[Originally published in The Weekly, 1979]
…Another, more peculiar Italian film has opened this past week: Ettore Scola’s Down and Dirty. A surrealistic comedy bedrocked in a card-carrying realist milieu, it deals with a dirt-poor Italian family living in a shantytown. The catch is that the family numbers in excess of twenty—in-laws, outlaws, legitimate and illegitimate children—and they all live in one (1) crumbling hutch on a mudflat. Although their occupations include housekeeping, nursing, pursesnatching, and several varieties of prostitution, they have one thing in common: they all hate papa Giacinto and he hates them.
Story is rarely the long suit in Italian movies and Down and Dirty is no exception. Having established the basic situation—embellished by the fact that Giacinto has received a sizable insurance settlement for the loss of one eye, money that he must constantly shift from hidey-hole to hidey-hole and guard with a sawed-off shotgun—Scola simply plays it and plays it. He gets away with this, keeps it all interesting, because he has a truly grotesque sense of humor and boundless capacity for visual invention within carefully maintained limits.
Scola has the busiest, if not best, eye in the contemporary Italian cinema. His work is richest when most gregarious: give him a scruffy milieu and let him come his own lopsided way at narrative, and the results can be marvelous (The Pizza Triangle) or at the very least charming and idiosyncratic (We All Loved Each Other So Much). Conversely, A Special Day is enslaved by the classical unities, sweetly well-meaning in its humanism—a commendable but dull thing, seemingly conceived and executed for the purpose of becoming an Academy Award nominee for the Best Foreign-Language Film.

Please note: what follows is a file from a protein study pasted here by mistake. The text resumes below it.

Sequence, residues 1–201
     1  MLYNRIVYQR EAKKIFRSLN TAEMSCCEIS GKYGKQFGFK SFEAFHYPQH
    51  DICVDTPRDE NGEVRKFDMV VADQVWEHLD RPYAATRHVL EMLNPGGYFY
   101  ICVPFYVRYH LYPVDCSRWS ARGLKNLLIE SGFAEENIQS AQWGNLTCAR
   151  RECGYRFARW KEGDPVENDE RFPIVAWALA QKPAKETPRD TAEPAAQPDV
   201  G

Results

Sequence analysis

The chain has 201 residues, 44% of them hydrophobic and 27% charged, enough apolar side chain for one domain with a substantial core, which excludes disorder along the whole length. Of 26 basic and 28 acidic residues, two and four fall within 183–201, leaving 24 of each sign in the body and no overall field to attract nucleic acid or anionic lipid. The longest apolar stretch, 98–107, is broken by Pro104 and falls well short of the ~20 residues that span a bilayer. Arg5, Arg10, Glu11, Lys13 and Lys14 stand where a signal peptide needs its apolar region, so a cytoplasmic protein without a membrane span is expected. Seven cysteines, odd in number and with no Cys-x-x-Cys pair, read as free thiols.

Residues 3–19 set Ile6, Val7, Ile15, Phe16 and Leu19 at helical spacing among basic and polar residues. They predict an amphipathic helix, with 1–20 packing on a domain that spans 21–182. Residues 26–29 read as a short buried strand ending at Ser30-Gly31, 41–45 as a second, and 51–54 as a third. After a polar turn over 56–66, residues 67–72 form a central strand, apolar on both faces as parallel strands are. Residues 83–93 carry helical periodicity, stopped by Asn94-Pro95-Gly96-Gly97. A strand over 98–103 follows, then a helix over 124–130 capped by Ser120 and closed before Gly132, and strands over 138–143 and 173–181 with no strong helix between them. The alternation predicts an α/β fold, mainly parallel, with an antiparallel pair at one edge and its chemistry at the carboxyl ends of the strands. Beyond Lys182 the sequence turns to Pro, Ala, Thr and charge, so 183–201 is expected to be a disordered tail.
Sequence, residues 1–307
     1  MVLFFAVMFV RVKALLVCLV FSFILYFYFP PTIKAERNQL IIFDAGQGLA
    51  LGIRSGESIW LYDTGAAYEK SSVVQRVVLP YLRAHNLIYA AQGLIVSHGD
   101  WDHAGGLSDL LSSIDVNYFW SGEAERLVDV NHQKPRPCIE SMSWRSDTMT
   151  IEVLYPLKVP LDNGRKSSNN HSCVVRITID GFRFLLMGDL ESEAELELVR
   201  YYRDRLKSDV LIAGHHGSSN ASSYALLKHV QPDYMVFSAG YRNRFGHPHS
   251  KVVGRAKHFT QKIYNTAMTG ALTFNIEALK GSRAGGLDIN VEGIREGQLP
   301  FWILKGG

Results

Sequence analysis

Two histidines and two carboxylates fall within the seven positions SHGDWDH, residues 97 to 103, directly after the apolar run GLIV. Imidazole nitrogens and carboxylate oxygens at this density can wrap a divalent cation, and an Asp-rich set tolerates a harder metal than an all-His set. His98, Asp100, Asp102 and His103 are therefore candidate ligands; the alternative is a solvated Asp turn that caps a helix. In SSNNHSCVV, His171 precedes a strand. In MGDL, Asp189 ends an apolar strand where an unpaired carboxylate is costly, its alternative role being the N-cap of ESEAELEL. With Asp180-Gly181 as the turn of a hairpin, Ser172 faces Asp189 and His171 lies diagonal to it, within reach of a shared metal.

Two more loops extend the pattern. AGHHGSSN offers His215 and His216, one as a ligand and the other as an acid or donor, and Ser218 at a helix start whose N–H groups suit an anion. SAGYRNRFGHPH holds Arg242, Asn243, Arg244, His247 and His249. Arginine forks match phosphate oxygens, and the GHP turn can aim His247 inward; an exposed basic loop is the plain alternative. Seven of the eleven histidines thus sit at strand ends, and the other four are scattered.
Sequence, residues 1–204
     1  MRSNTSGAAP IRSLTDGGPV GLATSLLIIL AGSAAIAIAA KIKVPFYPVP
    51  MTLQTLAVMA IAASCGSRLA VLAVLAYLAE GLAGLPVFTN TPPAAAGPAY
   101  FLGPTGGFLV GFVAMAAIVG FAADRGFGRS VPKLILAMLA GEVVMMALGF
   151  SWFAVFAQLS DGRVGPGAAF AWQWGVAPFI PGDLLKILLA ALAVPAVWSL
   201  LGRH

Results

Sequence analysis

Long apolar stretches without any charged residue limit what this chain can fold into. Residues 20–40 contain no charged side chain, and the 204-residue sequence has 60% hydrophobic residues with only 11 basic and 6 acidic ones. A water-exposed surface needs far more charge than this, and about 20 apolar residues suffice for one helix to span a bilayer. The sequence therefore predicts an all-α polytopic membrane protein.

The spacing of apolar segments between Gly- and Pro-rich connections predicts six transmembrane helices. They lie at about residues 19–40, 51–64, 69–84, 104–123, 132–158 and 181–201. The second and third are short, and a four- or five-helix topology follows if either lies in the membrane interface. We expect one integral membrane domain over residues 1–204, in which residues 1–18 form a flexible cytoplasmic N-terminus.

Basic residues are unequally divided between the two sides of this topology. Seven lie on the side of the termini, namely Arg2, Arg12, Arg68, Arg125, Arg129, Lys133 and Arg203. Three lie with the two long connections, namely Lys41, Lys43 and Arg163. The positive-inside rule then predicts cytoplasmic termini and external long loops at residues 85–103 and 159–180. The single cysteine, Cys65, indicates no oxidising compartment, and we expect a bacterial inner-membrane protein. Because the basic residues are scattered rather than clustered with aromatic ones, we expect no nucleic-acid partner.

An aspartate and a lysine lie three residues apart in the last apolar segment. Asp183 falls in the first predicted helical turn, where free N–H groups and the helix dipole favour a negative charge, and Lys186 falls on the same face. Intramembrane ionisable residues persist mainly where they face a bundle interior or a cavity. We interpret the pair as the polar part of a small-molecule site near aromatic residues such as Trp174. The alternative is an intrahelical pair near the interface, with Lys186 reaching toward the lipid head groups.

Down and Dirty is scruffy. Boy, is it scruffy! Giacinto (Nino Manfredi) picks his way across the mud, bumps something soft with his foot. Bends down (he’s half-blind in the one remaining eye), recognizes it’s a rat. The rat doesn’t run: rats are everywhere and people are everywhere. Ah, how close are the poor to the basic order of things! Damn straight. Giacinto kicks that rat high out of camera-frame; his foot hits the ground walking, as if nothing had interrupted his journey.
Copyright © 1979 by Richard T. Jameson